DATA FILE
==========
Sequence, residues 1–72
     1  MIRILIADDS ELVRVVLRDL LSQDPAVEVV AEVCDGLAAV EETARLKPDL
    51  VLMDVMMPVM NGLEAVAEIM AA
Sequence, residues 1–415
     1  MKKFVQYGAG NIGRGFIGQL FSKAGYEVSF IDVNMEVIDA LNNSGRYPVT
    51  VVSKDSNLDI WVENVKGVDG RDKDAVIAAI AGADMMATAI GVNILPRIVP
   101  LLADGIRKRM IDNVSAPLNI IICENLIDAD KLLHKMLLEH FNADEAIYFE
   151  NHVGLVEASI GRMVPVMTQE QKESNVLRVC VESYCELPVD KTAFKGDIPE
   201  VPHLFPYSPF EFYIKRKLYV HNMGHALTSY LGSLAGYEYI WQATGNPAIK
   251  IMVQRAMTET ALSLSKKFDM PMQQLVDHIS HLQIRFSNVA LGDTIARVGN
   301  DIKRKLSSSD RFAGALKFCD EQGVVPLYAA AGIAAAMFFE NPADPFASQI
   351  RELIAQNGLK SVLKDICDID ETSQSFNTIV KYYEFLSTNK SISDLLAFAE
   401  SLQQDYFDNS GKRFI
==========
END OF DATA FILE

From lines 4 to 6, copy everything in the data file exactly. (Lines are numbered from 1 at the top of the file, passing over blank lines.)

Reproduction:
Sequence, residues 1–415
     1  MKKFVQYGAG NIGRGFIGQL FSKAGYEVSF IDVNMEVIDA LNNSGRYPVT
    51  VVSKDSNLDI WVENVKGVDG RDKDAVIAAI AGADMMATAI GVNILPRIVP